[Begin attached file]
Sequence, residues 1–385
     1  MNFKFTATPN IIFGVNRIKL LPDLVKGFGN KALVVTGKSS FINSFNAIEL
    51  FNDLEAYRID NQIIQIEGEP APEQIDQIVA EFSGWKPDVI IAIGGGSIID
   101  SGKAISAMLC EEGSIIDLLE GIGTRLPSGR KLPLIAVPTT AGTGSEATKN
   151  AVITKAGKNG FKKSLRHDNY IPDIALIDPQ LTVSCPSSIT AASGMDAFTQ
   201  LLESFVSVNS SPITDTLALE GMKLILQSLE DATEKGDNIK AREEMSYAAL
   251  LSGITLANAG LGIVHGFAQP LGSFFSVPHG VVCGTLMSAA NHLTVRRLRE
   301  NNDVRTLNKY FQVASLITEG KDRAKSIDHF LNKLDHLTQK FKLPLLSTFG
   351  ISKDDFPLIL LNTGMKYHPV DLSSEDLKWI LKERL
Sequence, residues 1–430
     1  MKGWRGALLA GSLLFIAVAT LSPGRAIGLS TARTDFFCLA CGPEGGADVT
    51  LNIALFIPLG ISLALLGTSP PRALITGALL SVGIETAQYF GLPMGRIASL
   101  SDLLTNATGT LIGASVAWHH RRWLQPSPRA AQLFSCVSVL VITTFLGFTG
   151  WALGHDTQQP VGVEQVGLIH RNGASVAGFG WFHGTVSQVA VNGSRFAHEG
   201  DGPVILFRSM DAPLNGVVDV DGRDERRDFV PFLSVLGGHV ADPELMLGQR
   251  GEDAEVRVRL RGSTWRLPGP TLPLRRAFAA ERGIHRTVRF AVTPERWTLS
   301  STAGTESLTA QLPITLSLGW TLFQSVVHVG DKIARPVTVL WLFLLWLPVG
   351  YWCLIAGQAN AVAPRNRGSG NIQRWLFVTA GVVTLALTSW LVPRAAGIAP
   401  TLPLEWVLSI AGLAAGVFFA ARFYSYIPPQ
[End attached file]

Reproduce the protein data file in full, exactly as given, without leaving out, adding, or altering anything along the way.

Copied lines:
Sequence, residues 1–385
     1  MNFKFTATPN IIFGVNRIKL LPDLVKGFGN KALVVTGKSS FINSFNAIEL
    51  FNDLEAYRID NQIIQIEGEP APEQIDQIVA EFSGWKPDVI IAIGGGSIID
   101  SGKAISAMLC EEGSIIDLLE GIGTRLPSGR KLPLIAVPTT AGTGSEATKN
   151  AVITKAGKNG FKKSLRHDNY IPDIALIDPQ LTVSCPSSIT AASGMDAFTQ
   201  LLESFVSVNS SPITDTLALE GMKLILQSLE DATEKGDNIK AREEMSYAAL
   251  LSGITLANAG LGIVHGFAQP LGSFFSVPHG VVCGTLMSAA NHLTVRRLRE
   301  NNDVRTLNKY FQVASLITEG KDRAKSIDHF LNKLDHLTQK FKLPLLSTFG
   351  ISKDDFPLIL LNTGMKYHPV DLSSEDLKWI LKERL
Sequence, residues 1–430
     1  MKGWRGALLA GSLLFIAVAT LSPGRAIGLS TARTDFFCLA CGPEGGADVT
    51  LNIALFIPLG ISLALLGTSP PRALITGALL SVGIETAQYF GLPMGRIASL
   101  SDLLTNATGT LIGASVAWHH RRWLQPSPRA AQLFSCVSVL VITTFLGFTG
   151  WALGHDTQQP VGVEQVGLIH RNGASVAGFG WFHGTVSQVA VNGSRFAHEG
   201  DGPVILFRSM DAPLNGVVDV DGRDERRDFV PFLSVLGGHV ADPELMLGQR
   251  GEDAEVRVRL RGSTWRLPGP TLPLRRAFAA ERGIHRTVRF AVTPERWTLS
   301  STAGTESLTA QLPITLSLGW TLFQSVVHVG DKIARPVTVL WLFLLWLPVG
   351  YWCLIAGQAN AVAPRNRGSG NIQRWLFVTA GVVTLALTSW LVPRAAGIAP
   401  TLPLEWVLSI AGLAAGVFFA ARFYSYIPPQ